Notes from the horror

By Pamela H. Sacks


As the Nazis stepped up their movement of Jews from a transit camp called Terezin to the death camp at Auschwitz-Birkenau, Marianka Zadikow was given a precious gift: a stack of office paper.

Ms. Zadikow, 19 at the time, had been at Terezin for more than two years. She had survived slave labor and meager rations. She had suffered from a nearly fatal bout with an infection, cheating death only because of medication that had been smuggled into the camp.

The Nazis prohibited possessing paper or keeping records of any kind. But in September 1944, when a lawyer named Ernst Wald gave Ms. Zadikow the paper, she folded each piece four times to make four small pages. She then took her priceless possession to Emil Lowenstern, a bookbinder, and asked him to make her a book. To do such a thing was dangerous, but Lowenstern pilfered materials and made Ms. Zadikow a Poesiealbum, the European version of an autograph book.

Throughout the remainder of the war and for two arduous postwar years in Prague, Ms. Zadikow asked family, friends, co-workers, musicians and artists to contribute to her album. They left messages, wrote poetry and created wonderful artwork. Her mother, Hilda, who was an artist, wrote the first entry, quoting a German poet:

Respect the human being

And be mindful that, however deeply hidden,

Every morning

The germ for all that’s highest swells therein.

Ms. Zadikow eventually immigrated to the United States, her album carefully tucked away among her belongings. She married and had two daughters. She and her husband ran a chicken farm in upstate New York; later, she worked as a school custodian.

Now, the album has been published in book form, with an introduction and annotations by Holocaust historian Deborah Dwork. Ms. Zadikow, with the assistance of scholar Tatyana Macaulay, of the Strassler Center for Holocaust and Genocide Studies at Clark University, translated the entries.

“The Terezin Album of Marianka Zadikow” was released earlier this year by the University of Chicago Press. Unfortunately, problems with warping have forced the recall of the first printing. Copies, at a cost of $35 each, are expected to be available later this year. But the glitch will not delay discussion of the album; Ms. Dwork will speak about the book at 7 p.m. Wednesday at the Higgins University Center at Clark University.

Ms. Dwork, the Rose professor of Holocaust history and the director of the Strassler Center, was told about the album in 2000 by the daughter of a friend of Ms. Zadikow’s.

“I thought it might be something I’d want to do,” Ms. Dwork said while seated in her sunlit office at Clark. “When I met Marianka, it became something I wanted to do.”

Ms. Zadikow’s courage in creating the album was perhaps not surprising. Throughout her time at Terezin, she had demonstrated fortitude, ingenuity and spirit, as Ms. Dwork makes clear in the introduction.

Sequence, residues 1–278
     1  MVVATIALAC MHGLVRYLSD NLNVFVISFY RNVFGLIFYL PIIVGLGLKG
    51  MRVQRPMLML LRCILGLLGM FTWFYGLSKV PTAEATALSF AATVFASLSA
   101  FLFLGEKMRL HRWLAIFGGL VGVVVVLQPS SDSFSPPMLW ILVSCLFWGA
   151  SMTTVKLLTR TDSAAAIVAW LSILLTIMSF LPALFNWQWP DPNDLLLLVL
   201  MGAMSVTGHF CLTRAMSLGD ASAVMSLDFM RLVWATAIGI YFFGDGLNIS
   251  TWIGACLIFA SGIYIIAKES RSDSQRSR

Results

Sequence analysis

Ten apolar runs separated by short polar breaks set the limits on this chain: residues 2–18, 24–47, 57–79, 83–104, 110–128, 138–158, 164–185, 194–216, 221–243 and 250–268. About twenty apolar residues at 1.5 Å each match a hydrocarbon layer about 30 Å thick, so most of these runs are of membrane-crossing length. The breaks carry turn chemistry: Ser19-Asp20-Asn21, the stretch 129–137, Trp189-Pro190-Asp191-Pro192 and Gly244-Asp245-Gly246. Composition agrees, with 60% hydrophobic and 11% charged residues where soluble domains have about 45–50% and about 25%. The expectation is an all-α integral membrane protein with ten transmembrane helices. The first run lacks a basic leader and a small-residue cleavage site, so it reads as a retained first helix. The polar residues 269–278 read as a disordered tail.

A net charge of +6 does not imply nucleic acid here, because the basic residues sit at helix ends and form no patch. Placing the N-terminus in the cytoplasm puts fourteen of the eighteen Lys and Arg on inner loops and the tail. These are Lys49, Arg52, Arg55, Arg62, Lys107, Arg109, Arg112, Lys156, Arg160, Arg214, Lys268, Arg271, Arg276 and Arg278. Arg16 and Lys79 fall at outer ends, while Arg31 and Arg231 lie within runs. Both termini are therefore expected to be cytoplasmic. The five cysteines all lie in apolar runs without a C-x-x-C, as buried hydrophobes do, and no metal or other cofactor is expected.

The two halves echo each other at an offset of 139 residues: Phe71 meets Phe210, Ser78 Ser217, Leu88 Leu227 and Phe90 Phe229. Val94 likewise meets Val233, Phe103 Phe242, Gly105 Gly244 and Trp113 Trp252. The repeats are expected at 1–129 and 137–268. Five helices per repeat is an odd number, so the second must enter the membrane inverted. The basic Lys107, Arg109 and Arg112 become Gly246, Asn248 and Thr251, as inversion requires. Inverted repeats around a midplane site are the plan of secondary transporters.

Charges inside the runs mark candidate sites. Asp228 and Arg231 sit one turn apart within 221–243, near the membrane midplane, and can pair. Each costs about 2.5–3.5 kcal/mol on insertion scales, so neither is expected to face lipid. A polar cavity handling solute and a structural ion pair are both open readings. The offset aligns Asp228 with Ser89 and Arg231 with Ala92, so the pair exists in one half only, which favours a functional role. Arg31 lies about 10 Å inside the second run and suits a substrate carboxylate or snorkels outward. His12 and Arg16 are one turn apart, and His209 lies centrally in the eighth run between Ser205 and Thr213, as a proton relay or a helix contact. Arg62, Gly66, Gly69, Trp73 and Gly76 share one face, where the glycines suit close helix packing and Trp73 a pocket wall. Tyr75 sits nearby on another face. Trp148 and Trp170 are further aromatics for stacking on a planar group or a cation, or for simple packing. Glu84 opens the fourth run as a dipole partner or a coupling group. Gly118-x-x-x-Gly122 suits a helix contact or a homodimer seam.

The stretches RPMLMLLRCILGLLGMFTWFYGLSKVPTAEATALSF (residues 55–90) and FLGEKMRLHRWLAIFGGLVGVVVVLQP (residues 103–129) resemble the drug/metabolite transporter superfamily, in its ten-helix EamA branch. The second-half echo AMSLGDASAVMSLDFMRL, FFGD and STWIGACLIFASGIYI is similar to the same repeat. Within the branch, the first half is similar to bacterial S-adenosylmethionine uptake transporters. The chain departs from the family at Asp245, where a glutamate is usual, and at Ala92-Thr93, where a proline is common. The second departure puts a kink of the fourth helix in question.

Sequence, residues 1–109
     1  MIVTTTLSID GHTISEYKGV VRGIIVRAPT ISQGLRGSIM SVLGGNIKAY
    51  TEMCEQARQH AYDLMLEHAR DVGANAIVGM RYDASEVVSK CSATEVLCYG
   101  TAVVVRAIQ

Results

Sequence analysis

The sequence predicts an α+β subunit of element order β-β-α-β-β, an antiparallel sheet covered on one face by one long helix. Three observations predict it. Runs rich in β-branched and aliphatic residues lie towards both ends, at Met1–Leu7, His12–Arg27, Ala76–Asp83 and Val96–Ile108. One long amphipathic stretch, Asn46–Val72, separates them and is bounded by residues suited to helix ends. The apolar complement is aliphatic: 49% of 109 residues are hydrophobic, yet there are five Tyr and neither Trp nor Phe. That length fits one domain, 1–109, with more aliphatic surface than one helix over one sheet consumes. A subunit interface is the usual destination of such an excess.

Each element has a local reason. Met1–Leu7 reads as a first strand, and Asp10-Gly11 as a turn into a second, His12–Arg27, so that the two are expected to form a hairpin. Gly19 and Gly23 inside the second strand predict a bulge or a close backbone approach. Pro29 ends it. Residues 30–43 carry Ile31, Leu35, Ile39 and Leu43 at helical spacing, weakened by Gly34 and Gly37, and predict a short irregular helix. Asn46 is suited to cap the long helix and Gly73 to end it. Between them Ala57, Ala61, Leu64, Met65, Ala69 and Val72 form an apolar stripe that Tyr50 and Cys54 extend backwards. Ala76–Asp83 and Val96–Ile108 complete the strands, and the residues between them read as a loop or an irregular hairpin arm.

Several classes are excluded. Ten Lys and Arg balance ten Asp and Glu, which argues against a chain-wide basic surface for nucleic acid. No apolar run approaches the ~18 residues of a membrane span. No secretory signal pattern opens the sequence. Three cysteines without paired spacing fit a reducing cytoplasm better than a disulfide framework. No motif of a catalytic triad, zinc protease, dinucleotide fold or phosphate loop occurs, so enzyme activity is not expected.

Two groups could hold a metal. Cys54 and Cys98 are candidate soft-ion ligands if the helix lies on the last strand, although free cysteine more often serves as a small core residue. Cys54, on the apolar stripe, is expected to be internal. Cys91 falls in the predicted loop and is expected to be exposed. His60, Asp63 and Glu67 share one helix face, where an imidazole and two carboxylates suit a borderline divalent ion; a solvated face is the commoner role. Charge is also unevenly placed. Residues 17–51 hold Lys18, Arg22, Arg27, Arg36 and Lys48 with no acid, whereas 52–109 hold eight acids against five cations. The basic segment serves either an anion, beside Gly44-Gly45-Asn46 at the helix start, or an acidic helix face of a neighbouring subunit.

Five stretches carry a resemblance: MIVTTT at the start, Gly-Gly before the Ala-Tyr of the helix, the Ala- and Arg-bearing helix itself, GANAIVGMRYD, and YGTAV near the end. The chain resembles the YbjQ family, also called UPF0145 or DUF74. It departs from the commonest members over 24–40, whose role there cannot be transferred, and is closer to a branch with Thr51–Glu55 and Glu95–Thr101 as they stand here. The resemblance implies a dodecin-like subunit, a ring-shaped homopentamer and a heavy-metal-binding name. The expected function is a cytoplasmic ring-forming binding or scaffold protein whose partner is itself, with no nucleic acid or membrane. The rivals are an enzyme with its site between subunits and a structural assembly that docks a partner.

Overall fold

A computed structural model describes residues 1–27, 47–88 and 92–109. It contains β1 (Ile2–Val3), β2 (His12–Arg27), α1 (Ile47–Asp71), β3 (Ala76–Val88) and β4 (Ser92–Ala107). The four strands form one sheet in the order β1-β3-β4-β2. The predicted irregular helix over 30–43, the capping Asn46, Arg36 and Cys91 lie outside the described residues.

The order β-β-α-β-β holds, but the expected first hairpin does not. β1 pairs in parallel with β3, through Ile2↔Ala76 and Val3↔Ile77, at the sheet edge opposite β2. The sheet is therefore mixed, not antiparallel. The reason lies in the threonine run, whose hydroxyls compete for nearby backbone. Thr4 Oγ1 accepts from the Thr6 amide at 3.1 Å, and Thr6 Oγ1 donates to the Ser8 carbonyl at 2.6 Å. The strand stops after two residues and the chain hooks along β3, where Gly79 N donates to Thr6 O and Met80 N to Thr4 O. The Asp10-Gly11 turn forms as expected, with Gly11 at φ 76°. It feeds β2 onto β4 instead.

Upon arrival at the camp, each new inmate had been required to perform 100 hours of the filthiest and most demeaning kind of labor. Ms. Zadikow did her own share and that of her mother, as well.

She had faced down danger by participating in the camp’s clandestine cultural life. Later, the Nazis permitted such activities to give the camp the appearance of a real village to the outside world. When Rafael Schachter, a fellow inmate who was the musical director, decided to mount a performance of Verdi’s “Requiem,” Ms. Zadikow, who adored music and came from an artistic family, joined the chorus. On three occasions, substantial parts of the group were shipped to death camps. Each time, new members joined.

“First, you had to do your full complement of labor, and then you did this,” Ms. Dwork said. “Full labor used up more than the daily intake of calories. Yet hundreds chose to expend more to educate themselves and educate each other.”

More than half a century later, Ms. Dwork was struck by Ms. Zadikow’s conviction that she was not a Holocaust survivor. Rather, she was a “`Requiem’ survivor.” The music, she told Ms. Dwork, saved her soul.

“That takes great insight, and it takes courage to say because she doesn’t credit what society would expect: God, her mother, her friends,” Ms. Dwork said.

Ms. Dwork’s purpose as a historian has been to weave a thread between the Holocaust and what goes on today. When she considered providing context for the album, she thought about the people she wanted to reach. She decided that connecting with high school students would be her goal, and she would draw them in by presenting the young Marianka in the perilous times in which she lived.

Ms. Zadikow, now 84 and still living in upstate New York, has children she adores and many friends throughout the world. Yet her story is not one of redemption. She had wanted to work in medicine, but she was never able to pursue an education and realize her potential.

“She recognizes the positive in life,” Ms. Dwork said, “but she refuses the dominant narrative: `I lived happily ever after.’ In my work as a historian, I, too, refuse the silver-lining narrative. I, too, follow the survivor throughout the postwar decades. It’s complex.”

After the war, Ms. Zadikow and her mother were refugees with no identification papers who had to scratch for a living. Finding a way to emigrate took all of their wits. Ms. Dwork noted that in the 21st century, we are surrounded by refugee crises in Iraq, Darfur and other locations around the world.

“There’s great impetus to move people from a dangerous place to a safe place,” Ms. Dwork said. “Yet our responsibility does not end there. As a society, it is our responsibility to help them find assistance.

“When we think about the life history of Marianka, it helps us understand our responsibility today,” she added. “That’s what it’s about to me. It helps us imagine the society we’d be proud of.”